Results. In this assay (dextromethorphan O-demethylation) Beloxepin was found to inhibit CYP2D6 activity with an IC50=31.7 μM (FIG. 15).

Example 4

Beloxepin is Effective in Treating Neuropathic Pain

Preparation of vehicle and beloxepin formulations. For this Example and all that Follow, unless indicated otherwise, beloxepin formulations for injection were prepared using acidified sterile water for injection (SWIJ) as a diluent. To start, a few drops (never more than 400 μl for a final volume of approximately 14 ml) of 1 M HCl was added to neat beloxepin. Glass beads were added and the solution vortexed vigorously for 2-3 minutes, followed by sonication in a water bath for 3-5 minutes to break up larger particles. The SWIJ was then added to QS to final total volume, the formulation vortexed for 2-3 minutes and then sonicated in warm water for approximately 30-60 minutes. Beloxepin was formulated as a 10 mg/ml solution.

For this Example and all that follow, unless indicated otherwise, control vehicle was prepared using the same volumes of 1 M HCl and SWIJ diluent as the test beloxepin formulation.

Protocol. The antiallodynic activity of beloxepin was tested in vivo using the L5-Single Nerve Ligation (“SNL”) model of non-nociceptive neuropathic pain as described in LaBuda & Little, 2005, J. Neurosci. Methods 144:175-181. The test animals were placed in a Plexiglas chamber (10 cm×20 cm×25 cm) and habituated for 15 minutes. The chamber was positioned on top of a mesh screen so that von Frey monofilaments could be presented to the plantar surface of both hindpaws. Measurement of tactile sensitivity for each hind paw were obtained using the up/down method (Dixon, 1980, Annu. Rev. Pharmacol. Toxicol. 20:441-462) with seven Frey monofilaments (0.4, 1, 2, 4, 6, 8 and 15 grams). Each trial started with a von Frey force of 2 grams delivered to the right hind paw for approximately 1-2 seconds and then the left hind paw. If there was no withdrawal response, the next higher force was delivered. If there was a response, the next lower force was delivered. This procedure was performed until no response was made at the highest force (15 grams) or until four stimuli were administered following the initial response. The 50% paw withdrawal threshold for each paw was calculated using the following formula: [Xth] log=[vFr] log+ky, where [vFr] is the force of the last von Frey used, k=0.2249 which is the average interval (in log units) between the von Frey monofilaments, and y is a value that depends upon the pattern of withdrawal responses (Dixon, 1980, supra). If an animal did not respond to the highest von Frey monofilament (15 grams), then the paw was assigned a value of 18.23 grams. Testing for tactile sensitivity was performed twice and the mean 50% withdrawal value assigned as the tactile sensitivity for the right and left paws for each animal. All test groups contained at least six animals.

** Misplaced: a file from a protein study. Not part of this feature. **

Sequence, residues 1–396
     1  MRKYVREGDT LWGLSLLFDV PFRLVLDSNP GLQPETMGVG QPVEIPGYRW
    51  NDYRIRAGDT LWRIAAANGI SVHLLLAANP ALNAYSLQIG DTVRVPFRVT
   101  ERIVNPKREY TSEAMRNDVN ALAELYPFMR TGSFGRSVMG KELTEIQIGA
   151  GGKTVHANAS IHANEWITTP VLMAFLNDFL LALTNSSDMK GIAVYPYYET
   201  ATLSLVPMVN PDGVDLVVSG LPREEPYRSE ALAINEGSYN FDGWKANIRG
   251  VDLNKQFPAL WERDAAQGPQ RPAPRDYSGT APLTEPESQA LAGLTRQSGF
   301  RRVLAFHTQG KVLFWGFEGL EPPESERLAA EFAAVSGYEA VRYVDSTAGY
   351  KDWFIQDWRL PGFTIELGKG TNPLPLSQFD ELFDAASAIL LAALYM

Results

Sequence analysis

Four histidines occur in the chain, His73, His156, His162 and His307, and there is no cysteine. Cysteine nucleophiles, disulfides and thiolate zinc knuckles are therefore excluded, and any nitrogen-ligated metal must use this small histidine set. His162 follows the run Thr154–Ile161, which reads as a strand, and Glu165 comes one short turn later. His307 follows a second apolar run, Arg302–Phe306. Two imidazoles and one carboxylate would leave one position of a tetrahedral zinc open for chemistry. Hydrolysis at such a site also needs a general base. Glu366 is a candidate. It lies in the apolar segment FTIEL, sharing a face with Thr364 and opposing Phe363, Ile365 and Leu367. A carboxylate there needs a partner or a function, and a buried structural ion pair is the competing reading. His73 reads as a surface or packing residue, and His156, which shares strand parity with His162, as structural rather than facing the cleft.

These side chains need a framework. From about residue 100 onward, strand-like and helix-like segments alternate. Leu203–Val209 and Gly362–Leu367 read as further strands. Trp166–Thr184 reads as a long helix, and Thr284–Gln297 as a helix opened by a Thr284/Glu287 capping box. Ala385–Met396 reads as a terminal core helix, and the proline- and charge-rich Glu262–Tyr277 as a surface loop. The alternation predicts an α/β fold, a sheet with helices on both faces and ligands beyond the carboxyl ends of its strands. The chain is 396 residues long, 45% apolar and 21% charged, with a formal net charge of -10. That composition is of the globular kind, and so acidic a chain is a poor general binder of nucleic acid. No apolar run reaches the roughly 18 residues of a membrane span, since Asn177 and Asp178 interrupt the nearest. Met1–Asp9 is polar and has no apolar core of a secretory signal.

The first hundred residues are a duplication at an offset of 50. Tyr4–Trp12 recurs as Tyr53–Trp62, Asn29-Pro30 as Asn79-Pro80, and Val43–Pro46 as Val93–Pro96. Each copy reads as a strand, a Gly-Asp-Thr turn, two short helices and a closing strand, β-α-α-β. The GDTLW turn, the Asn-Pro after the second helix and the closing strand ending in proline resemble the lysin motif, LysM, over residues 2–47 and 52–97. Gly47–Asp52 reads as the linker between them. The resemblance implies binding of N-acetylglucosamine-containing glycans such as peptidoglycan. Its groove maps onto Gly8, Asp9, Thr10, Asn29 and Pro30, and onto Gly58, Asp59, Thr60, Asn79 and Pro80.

Results. The antiallodynic effects produced by beloxepin (30 mg/kg IP) in L5 SNL rats 14 days post surgery are illustrated in FIG. 1. In this experiment, at 14 days post surgery, rats were treated with vehicle or beloxepin (30 mg/kg IP) and tested for tactile allodynia at 30, 60, 120 and 240 min post treatment. Vehicle-treated rats were tested at 30 min post treatment. As illustrated in FIG. 1, beloxepin produced significant antiallodynia effects at the 30, 60 and 120 min time points, with a maximal effect at 30 min post treatment (829% of the threshold of vehicle-treated rats). The magnitude of tactile allodynia observed at the 30 min time point was amongst the highest the inventors have observed in this model. No side effects were observed following treatment.

Example 5

Beloxepin Exerts its Antiallodynic Effect in a Dose-Dependent Fashion

Protocol. A dose response experiment was performed in L5 SNL rats at 16 days post surgery (3, 10 and 30 mg/kg IP beloxepin). In the experiment, animals were tested for tactile allodynia at 30 min post treatment. The sham-operated control group, which were operated on but not subject to nerve ligation, contained 4 animals. The treatment group contained at least six animals.